TOP STORY: Musoni expects G20 to respect aid pledges

Government revises GDP to 5.7 percent from recent projections Rwanda’s Minister of Finance and Economic planning has called for the Group of 20 industrialised and developing nations (G20) to honour their aid commitments, when they meet in London.
James Musoni. (File Photo).
James Musoni. (File Photo).

Government revises GDP to 5.7 percent from recent projections

Rwanda’s Minister of Finance and Economic planning has called for the Group of 20 industrialised and developing nations (G20) to honour their aid commitments, when they meet in London.

The G20 summit that is meeting in London on the 2nd of April is expected to discuss necessary steps of ending the global economic crisis.

James Musoni told The New Times on Monday that the G20 solutions must also serve to address Africa’s problems, particularly Rwanda whose mining sector has been affected by the global economic downturn.

As a result of the economic recession, Musoni said that Rwanda’s Gross Domestic Product (GDP) growth has been revised to 5.7 percent from the Economic Development and Poverty Reduction Strategy (EDPRS) projection of 7.2 percent in 2009.

This is 5.4 percent less GDP growth Rwanda attained last year.

“Remittances are also not coming in as expected,” the Minister said without stating the margins by which they have fallen.

He suggested that Africa’s commercial banks should be facilitated by donors in order to help them extend lending to development projects.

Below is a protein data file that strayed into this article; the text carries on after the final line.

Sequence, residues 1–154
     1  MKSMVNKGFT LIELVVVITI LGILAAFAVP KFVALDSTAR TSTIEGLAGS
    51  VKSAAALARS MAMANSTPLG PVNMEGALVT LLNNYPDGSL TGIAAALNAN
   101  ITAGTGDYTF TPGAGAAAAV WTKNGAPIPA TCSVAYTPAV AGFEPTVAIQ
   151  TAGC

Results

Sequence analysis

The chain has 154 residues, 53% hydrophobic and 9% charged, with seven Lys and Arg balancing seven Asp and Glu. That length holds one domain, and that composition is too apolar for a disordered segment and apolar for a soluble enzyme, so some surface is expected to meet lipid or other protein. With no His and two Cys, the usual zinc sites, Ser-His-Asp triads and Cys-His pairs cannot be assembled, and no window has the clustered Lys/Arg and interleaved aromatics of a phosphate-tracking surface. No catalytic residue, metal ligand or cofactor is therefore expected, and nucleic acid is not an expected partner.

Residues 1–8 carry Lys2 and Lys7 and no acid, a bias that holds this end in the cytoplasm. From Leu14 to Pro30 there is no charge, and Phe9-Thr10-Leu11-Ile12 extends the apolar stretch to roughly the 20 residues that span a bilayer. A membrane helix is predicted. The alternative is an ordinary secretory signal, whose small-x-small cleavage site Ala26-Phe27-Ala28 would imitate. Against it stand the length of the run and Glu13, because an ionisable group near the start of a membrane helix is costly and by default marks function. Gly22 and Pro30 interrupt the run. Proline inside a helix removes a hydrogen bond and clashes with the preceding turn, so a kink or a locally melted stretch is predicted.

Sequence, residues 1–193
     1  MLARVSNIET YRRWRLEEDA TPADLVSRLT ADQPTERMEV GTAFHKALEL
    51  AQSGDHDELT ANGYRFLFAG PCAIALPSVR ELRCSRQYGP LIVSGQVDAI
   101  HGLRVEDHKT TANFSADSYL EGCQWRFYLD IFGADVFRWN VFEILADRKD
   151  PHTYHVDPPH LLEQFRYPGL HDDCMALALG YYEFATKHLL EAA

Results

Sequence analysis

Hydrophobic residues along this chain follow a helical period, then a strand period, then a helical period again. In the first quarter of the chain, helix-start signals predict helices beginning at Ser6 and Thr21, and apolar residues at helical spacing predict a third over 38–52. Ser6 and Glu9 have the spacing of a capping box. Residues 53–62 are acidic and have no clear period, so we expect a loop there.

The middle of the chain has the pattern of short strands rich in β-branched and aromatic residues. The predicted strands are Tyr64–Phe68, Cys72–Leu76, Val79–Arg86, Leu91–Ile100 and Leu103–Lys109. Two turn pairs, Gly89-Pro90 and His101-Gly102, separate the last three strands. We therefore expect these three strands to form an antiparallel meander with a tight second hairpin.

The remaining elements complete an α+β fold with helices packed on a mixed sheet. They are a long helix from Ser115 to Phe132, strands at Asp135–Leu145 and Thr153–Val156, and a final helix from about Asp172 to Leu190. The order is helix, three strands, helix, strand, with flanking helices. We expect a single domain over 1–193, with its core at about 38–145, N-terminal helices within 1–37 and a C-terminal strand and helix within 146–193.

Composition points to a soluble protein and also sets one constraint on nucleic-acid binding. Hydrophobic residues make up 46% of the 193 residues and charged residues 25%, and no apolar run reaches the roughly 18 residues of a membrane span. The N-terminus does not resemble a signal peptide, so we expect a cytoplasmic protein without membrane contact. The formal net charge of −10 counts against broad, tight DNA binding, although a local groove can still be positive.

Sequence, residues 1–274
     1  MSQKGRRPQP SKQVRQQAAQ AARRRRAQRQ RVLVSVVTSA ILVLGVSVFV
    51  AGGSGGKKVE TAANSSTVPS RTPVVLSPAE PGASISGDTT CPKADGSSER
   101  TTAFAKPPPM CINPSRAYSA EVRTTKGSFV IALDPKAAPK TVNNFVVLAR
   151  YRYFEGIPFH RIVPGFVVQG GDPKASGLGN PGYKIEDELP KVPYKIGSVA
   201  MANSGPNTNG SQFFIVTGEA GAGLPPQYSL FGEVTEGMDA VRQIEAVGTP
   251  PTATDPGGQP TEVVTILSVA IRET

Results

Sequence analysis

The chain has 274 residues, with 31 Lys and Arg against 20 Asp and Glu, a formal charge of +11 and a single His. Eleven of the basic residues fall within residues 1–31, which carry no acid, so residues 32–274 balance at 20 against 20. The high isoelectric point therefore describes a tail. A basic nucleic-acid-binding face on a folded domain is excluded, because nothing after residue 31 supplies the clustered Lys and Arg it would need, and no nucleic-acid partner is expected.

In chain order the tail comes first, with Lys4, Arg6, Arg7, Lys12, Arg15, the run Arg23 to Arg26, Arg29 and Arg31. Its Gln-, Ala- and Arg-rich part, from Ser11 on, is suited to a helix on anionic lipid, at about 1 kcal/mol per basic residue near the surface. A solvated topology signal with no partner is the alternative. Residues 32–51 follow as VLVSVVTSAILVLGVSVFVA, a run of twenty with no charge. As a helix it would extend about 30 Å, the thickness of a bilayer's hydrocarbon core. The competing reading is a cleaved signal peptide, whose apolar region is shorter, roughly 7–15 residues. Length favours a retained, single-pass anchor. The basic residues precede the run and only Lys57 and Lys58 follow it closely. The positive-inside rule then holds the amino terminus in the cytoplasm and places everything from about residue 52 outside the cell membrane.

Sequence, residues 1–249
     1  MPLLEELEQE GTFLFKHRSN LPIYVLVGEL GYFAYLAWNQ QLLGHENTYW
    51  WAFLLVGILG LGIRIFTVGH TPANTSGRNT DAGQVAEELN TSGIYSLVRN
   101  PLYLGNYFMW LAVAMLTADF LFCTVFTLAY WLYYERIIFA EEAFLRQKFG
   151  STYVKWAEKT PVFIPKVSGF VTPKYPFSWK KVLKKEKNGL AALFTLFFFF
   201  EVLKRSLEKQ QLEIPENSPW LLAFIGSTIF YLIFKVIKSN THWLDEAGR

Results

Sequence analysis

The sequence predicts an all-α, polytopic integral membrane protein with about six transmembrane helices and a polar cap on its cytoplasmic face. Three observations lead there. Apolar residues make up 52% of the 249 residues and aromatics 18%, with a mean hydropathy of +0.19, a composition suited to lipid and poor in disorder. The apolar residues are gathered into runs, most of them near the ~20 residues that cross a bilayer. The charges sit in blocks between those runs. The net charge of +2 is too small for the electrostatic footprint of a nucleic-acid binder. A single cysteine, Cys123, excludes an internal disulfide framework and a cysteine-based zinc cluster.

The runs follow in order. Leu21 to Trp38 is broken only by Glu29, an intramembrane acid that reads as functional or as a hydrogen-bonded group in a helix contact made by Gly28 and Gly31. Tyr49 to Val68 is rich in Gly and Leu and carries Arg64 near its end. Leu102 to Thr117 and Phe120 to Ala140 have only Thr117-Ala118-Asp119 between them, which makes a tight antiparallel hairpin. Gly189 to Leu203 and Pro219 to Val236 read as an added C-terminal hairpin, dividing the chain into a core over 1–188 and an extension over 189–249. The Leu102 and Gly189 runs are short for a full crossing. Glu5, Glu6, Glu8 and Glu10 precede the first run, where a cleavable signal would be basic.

The summit comes when the World Trade Organisation (WTO) economists early last week projected that global exports will drop down by roughly 9 percent in volume terms in 2009. It is the biggest contraction since the World War II. 

The WTO economists said that in developing countries, which are not so dependent on trade for growth, exports will shrink by some two to three percent in 2009.

Musoni said that the balance of payment for African nations is expected to drop considerably as a result of reduced trade volumes, caused by the current global recession. 

“They (G20) should extend grants to cover the deficit,” he added.

As a result of the downturn in the global economy, experts have predicted that development aid flow to Africa is likely decline. Moreover, African leaders will be hoping that their rich counterparts honour their commitments.

“Some countries have indicated that they are not capable of meeting these commitments,” South Africa’s Minister of Finance Trevor Manuel told journalists after he and other African leaders met British Premier Gordon Brown early this month. 

Brown is expected to transmit Africa’s message during the summit.

Ethiopian Prime Minister Meles Zenawi said that the critical issues, African countries wanted addressed were additional funds and ease of access to those funds.

Zenawi, who will attend as the Chairman of the New Partnership for Africa’s Development (NEPAD) suggests that Africa be given a stimulus package in the region of $50 billion.

The G-20 is made up of 19 world biggest economies including Argentina, Australia, Brazil, Canada, China, France, Germany, India, Indonesia and Italy.

They also include Japan, Mexico, Russia, Saudi Arabia, South Africa, South Korea, Turkey, the United Kingdom and the United States of America, and also the European Union who is represented by the rotating Council presidency and the European Central Bank.

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